News Release

New research in JNCCN suggests a simple and inexpensive option for reducing a major chemotherapy side-effect

Study led by University of Michigan Rogel Cancer Center finds vitamin D supplements may help reduce chemotherapy-induced neuropathy, with possible implications for also reducing racial disparities

Peer-Reviewed Publication

National Comprehensive Cancer Network

Daniel L. Hertz, PharmD, PhD, University of Michigan College of Pharmacy


Daniel L. Hertz, PharmD, PhD, University of Michigan College of Pharmacy

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Credit: NCCN

PLYMOUTH MEETING, PA [November 7, 2023] — New research in the November 2023 issue of JNCCN—Journal of the National Comprehensive Cancer Network suggests that patients who have insufficient levels of vitamin D before starting paclitaxel treatment are more likely to experience peripheral neuropathy. According to an analysis of 1,191 patients with early-stage breast cancer—using data collected in the SWOG S0221 study—20.7% of patients with vitamin D deficiency experienced at least a grade 3 level of chemotherapy-induced peripheral neuropathy (CIPN), compared to 14.2% of those with sufficient vitamin D levels. The researchers also found that inducing vitamin D deficiency in an accompanying mice model study caused neurotoxicity-like symptoms.

“These results suggest that vitamin D supplementation in patients with lower levels of vitamin D may reduce peripheral neuropathy, and particularly high grade peripheral neuropathy, which would improve these patients’ long-term quality of life,” explained senior researcher Daniel L. Hertz, PharmD, PhD, University of Michigan College of Pharmacy. “There are barely any negative consequences that come from taking steps to increase vitamin D levels. Patients can easily take safe, inexpensive, and widely available over-the-counter supplements.”

Dr. Hertz explained that CIPN is a common side effect of paclitaxel and several other commonly used anticancer drugs. It typically appears as numbness, tingling, and sometimes burning pain in the fingers and toes. CIPN can eventually lead to the loss of sensation in hands and feet. These symptoms are largely untreatable and can sometimes be permanent, so it is critical that patients and oncology health care providers monitor for CIPN during treatment to address the development of treatment-related peripheral neuropathy before symptoms become intolerable.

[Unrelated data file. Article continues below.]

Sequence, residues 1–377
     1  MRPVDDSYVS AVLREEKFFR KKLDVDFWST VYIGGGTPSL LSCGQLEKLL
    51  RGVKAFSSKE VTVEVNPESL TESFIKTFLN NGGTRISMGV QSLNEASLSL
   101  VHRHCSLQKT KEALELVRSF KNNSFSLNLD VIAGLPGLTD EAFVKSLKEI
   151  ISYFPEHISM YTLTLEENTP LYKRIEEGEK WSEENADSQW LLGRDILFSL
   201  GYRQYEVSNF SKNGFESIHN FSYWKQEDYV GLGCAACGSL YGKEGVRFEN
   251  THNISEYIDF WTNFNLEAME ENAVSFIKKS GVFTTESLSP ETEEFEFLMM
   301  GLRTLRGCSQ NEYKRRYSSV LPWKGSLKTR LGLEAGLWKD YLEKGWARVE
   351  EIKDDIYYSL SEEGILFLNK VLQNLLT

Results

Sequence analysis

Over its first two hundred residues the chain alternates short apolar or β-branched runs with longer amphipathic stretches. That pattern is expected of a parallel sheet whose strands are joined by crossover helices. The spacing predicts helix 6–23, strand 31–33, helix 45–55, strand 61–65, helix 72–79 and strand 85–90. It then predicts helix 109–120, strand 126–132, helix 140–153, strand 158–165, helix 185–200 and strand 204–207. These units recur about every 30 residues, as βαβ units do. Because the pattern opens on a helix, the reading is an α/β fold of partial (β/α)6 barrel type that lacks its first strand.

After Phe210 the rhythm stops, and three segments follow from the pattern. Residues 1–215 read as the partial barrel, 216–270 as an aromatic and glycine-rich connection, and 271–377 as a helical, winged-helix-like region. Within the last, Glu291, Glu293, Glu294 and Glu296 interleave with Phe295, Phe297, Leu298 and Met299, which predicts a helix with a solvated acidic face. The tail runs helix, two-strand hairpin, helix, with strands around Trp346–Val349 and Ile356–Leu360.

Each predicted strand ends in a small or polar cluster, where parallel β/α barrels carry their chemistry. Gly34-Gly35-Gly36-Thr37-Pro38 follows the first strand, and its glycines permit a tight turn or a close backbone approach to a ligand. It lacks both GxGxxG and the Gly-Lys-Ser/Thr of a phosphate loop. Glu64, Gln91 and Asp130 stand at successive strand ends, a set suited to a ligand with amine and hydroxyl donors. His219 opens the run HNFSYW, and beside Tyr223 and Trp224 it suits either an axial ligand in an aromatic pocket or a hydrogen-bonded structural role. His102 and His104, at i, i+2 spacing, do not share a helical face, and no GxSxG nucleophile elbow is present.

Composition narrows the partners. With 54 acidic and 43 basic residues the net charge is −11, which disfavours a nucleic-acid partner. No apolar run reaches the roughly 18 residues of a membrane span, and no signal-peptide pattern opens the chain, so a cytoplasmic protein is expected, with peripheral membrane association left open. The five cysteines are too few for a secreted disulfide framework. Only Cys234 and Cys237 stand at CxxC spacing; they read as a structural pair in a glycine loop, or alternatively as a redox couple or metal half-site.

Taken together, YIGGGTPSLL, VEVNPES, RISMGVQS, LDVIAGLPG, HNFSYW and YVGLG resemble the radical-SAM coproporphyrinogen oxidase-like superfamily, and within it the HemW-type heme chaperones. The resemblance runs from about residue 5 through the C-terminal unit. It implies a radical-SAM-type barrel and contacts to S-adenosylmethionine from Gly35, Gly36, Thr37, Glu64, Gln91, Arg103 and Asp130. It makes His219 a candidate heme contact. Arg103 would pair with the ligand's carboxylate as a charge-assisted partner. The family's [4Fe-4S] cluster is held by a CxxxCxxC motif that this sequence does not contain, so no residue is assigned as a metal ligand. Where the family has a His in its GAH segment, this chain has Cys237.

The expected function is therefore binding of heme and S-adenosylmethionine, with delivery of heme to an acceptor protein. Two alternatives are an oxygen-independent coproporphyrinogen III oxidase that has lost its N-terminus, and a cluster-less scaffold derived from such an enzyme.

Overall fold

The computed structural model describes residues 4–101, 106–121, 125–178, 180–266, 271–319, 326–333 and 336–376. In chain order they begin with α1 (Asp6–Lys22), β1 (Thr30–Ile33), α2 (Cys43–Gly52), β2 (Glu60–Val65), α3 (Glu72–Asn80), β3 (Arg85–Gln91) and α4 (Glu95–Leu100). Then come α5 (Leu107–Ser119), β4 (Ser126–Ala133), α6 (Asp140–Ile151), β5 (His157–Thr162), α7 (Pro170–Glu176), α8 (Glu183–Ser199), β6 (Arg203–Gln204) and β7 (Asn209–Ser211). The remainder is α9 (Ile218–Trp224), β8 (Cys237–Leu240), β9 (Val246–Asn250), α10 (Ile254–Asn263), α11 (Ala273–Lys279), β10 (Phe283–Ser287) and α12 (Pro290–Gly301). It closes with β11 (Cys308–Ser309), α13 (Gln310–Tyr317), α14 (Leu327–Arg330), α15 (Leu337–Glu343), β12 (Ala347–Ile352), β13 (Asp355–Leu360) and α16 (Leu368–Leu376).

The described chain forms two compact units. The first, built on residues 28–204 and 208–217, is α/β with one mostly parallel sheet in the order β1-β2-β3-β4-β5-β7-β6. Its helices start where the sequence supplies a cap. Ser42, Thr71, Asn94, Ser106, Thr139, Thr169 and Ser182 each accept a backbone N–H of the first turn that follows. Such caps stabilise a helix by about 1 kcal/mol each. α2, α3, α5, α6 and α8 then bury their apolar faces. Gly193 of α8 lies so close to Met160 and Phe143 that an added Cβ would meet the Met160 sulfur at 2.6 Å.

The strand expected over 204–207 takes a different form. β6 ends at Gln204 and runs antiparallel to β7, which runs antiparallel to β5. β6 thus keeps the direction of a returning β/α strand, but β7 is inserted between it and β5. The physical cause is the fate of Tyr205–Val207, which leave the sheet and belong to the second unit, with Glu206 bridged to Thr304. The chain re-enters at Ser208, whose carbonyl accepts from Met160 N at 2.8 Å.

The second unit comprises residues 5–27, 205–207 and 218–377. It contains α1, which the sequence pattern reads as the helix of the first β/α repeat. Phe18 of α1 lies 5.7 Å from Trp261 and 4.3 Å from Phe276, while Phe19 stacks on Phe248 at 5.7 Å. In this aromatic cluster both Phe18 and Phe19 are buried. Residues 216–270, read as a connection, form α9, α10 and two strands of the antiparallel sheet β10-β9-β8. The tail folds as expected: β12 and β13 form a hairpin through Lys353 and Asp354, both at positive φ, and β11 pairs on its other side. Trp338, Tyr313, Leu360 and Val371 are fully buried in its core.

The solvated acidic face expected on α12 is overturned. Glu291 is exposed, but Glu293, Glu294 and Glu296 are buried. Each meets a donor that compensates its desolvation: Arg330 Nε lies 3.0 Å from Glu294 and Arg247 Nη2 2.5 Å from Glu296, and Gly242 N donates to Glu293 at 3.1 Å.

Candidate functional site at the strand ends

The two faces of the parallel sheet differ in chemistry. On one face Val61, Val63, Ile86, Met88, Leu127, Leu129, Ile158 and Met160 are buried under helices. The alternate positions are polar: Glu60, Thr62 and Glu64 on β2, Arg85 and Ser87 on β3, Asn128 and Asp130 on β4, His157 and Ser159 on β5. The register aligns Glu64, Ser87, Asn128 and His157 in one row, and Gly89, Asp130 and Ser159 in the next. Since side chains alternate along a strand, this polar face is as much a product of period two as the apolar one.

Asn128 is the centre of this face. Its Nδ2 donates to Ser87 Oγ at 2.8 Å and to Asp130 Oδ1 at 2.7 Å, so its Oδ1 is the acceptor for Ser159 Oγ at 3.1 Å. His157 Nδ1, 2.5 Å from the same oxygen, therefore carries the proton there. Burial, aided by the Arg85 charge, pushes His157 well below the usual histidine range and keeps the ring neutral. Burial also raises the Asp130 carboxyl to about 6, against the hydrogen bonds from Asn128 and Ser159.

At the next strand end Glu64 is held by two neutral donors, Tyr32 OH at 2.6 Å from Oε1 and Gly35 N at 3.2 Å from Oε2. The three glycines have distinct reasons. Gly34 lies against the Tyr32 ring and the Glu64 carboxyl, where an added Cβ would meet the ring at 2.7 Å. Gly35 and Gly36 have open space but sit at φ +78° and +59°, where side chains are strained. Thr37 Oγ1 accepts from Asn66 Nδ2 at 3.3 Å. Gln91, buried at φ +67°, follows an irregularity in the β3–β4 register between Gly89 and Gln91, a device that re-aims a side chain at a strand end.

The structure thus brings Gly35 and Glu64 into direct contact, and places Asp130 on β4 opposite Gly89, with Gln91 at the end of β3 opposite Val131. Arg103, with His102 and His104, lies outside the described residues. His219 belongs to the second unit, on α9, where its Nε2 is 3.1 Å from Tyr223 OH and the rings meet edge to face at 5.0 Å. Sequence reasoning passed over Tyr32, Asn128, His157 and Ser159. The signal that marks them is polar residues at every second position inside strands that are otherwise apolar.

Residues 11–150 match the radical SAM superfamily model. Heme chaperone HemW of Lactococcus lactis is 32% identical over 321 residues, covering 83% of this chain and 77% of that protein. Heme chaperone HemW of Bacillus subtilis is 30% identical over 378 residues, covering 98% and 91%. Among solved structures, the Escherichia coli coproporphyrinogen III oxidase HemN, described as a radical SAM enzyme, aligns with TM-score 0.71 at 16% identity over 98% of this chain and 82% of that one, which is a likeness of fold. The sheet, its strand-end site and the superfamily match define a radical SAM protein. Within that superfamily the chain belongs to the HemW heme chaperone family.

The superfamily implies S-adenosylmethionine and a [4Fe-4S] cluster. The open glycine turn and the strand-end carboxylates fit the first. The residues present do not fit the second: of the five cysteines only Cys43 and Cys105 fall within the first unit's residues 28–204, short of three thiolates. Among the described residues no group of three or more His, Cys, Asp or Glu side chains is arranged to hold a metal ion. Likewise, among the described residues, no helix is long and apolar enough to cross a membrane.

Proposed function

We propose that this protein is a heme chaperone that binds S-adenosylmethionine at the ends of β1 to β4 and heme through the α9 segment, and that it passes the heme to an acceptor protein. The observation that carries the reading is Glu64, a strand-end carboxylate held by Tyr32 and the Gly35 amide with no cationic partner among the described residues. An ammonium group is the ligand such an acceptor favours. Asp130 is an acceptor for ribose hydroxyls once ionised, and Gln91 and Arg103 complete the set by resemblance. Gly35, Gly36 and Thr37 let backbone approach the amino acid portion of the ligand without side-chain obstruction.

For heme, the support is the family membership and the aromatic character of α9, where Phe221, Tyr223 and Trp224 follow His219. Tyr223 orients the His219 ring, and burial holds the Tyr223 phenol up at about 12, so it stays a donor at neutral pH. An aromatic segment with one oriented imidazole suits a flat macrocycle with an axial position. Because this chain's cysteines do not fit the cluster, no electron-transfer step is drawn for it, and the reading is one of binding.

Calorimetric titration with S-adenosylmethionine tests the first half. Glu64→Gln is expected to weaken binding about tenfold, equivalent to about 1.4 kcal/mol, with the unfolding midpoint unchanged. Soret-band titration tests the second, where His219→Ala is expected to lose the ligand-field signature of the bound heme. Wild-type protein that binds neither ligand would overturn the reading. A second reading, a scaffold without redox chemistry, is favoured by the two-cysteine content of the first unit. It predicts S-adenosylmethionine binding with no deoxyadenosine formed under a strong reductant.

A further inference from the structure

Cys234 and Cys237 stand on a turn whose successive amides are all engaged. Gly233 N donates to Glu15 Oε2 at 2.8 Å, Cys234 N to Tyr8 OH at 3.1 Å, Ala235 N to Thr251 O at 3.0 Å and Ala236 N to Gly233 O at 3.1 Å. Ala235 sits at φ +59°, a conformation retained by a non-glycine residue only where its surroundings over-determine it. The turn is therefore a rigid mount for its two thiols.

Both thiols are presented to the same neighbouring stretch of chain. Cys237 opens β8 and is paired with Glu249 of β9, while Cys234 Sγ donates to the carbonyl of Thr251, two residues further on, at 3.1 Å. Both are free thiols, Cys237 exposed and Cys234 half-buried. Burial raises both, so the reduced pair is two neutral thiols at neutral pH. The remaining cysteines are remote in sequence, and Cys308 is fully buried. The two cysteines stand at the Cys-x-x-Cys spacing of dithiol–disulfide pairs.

The researchers also noted that it is well-established that vitamin D deficiency is more common in self-reported Black patients. This population group is also at higher risk of CIPN. There are additional studies underway to learn more about the role vitamin D supplements may be able to play in improving outcomes for these patients.

“This prospective-retrospective analysis of the SWOG S0221 study has revealed a significant association between vitamin D insufficiency and an increased incidence of chemotherapy induced peripheral neuropathy,” commented Mei Wei, MD, Huntsman Cancer Institute at the University of Utah, who was not involved in this research. “This study finding uncovers a new potential strategy to combat CIPN, thereby improving the quality of life for cancer patients undergoing treatment. It is an exciting step forward in our continuous mission of patient-centered cancer care.”